She looked down to see blood gushing from her nose and cascading down the front of her shirt. She tried to stand up, to run as far as she could from the sphere and the noise, but her legs refused to work, and she collapsed.

“Help!” she tried to scream, but her jaw was clenched so tightly that she could feel her teeth threatening to crack. Every muscle in her face seized up, each trying to pull away from each other, away from the sound. Even her fingers and toes twisted and clenched as her feet and her hands cramped and contorted.

“PHONE!” her brain screamed at her, and Scarlett jabbed a half-functioning hand into the pocket of her jeans. She managed to fish out her trusty iPhone, and then, with trembling hands, unlock it. She hit the messages button, and was elated to see that a half-composed message to her best friend, Jeff was still on screen.

“Please help me,” she whimpered though clenched teeth as she added a 9 onto the end of the existing message. Darkness crept into the edge of her vision as she typed a 1. Her hand clamped tight and she struggled to reach out a finger to hit the 1 button again.

“Send,” her brain told her.

“What?” She fought to hold onto consciousness.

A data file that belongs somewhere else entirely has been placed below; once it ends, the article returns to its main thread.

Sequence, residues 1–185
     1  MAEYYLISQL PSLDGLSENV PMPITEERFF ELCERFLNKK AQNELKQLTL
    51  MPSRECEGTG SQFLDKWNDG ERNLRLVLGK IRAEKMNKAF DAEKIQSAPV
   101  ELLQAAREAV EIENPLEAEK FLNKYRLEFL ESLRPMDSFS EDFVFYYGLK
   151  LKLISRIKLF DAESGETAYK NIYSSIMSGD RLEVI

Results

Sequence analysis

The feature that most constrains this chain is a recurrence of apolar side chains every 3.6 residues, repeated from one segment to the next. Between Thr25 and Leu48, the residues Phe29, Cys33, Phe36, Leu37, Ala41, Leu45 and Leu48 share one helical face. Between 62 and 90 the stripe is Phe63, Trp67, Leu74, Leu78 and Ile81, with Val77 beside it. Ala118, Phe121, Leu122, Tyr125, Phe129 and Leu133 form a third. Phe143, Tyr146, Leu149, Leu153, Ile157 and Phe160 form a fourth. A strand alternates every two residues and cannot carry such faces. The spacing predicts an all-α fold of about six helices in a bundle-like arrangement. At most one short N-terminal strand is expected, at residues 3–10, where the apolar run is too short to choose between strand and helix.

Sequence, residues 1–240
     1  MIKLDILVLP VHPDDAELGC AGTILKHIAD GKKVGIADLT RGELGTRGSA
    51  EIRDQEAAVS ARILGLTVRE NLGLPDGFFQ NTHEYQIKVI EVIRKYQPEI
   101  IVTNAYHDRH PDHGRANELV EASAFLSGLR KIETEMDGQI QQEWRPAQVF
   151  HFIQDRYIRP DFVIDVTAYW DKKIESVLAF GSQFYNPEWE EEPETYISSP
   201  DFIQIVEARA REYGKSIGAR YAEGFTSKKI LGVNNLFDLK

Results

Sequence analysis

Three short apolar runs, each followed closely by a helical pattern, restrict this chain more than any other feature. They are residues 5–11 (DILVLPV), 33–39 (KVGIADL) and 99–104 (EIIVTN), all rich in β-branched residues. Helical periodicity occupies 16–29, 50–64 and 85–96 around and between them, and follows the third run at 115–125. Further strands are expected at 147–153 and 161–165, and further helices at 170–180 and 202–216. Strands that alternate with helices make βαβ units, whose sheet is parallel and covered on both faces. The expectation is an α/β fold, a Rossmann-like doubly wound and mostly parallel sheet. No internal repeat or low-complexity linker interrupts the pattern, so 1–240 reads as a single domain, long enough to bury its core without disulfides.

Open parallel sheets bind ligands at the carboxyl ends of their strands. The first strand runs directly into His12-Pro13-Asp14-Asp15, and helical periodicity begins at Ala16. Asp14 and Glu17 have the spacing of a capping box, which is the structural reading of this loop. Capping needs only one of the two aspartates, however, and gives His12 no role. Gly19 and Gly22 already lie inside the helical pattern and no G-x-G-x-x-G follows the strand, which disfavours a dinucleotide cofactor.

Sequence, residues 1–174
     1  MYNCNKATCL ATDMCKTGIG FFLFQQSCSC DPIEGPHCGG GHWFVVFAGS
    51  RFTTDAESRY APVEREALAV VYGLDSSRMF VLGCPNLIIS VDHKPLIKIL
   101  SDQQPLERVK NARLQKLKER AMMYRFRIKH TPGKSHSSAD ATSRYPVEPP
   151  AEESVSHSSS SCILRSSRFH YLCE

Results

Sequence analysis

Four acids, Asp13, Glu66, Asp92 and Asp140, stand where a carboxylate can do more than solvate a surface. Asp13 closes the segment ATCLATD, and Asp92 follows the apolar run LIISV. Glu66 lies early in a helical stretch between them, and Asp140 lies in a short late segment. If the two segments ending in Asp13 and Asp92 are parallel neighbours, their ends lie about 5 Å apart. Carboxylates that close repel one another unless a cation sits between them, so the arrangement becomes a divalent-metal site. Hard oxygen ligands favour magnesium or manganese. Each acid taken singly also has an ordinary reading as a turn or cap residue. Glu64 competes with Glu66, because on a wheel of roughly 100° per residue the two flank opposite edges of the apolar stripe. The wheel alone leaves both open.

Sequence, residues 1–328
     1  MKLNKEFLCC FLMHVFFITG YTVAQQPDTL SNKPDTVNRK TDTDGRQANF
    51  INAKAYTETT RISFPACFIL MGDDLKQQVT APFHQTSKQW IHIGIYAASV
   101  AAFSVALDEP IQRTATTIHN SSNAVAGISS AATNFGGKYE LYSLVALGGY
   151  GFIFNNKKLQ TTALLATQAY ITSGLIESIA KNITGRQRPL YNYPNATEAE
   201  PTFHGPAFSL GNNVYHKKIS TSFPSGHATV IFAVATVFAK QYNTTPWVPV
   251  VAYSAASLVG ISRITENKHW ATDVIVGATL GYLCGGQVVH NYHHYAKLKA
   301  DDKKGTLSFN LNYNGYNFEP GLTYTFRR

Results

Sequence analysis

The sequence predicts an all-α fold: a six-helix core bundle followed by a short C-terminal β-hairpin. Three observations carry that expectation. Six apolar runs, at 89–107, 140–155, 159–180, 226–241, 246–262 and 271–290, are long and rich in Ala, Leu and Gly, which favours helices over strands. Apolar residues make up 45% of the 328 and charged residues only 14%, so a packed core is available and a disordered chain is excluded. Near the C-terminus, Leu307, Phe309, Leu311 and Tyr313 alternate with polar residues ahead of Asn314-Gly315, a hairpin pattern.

“Hit send.”

Scarlett reached out toward the blue “send” button, and then the blackness overcame her.


She could hear her voice being called in the darkness, feel hands on her neck, on her wrist. She willed her eyes to open, and saw Jeff standing over her, holding her hand in his.


“Scarlett! What happened? Can you hear me?”

His voice was muted, muffled. She could still hear ringing in her ears. “I…the thing…oh, God…my ears.”

“The thing? What thing?”

“The sphere. In the air.”

Jeff looked around. “Scarlett, I don’t know what you’re talking about. What happened to you? Did someone attack you?”

“No. Yes. No,” she stammered, “I don’t know.”

“Ok. Right now we need to get you to the hospital.”

“Ok,” she said as she squeezed his hand, “ok.”

Scarlett closed her eyes and tried to breathe as Jeff called for an ambulance. She coughed, felt pain in nearly every part of her body, and then blacked out again.

“Can you remember what happened?” Jeff asked Scarlett as she lay in the intensive care ward of the Cleveland Clinic.

“No,” she shook her head.

“Nothing? You were lying on the floor in a pool of your own blood. You look like you got beaten.”

Scarlett struggled to remember. Everything seemed hazy. She vaguely remembered getting home, but that was about it. “I don’t…I don’t know.”

Jeff frowned. “The doctor said you may have experienced some sort of head trauma. We won’t push it for now. You rest.”

“Ok,” she closed her eyes again. “Thank you for saving me.”

“That’s what friends are for,” he said softly. “I’m going to go check in with Mary. I’ll be back.”

Scarlett coughed and then grimaced again, “Ok.” Images danced through her head – sine waves, a series of numbers, spheres, and pyramids – but she couldn’t place them. She felt like her memories had been scrambled.

“Sleep,” her brain told her. “We’ll figure it out later.”

“Ok, brain,” she agreed with herself for once. “We’ll figure it out later. At least we’re alive. That’s good enough for now.”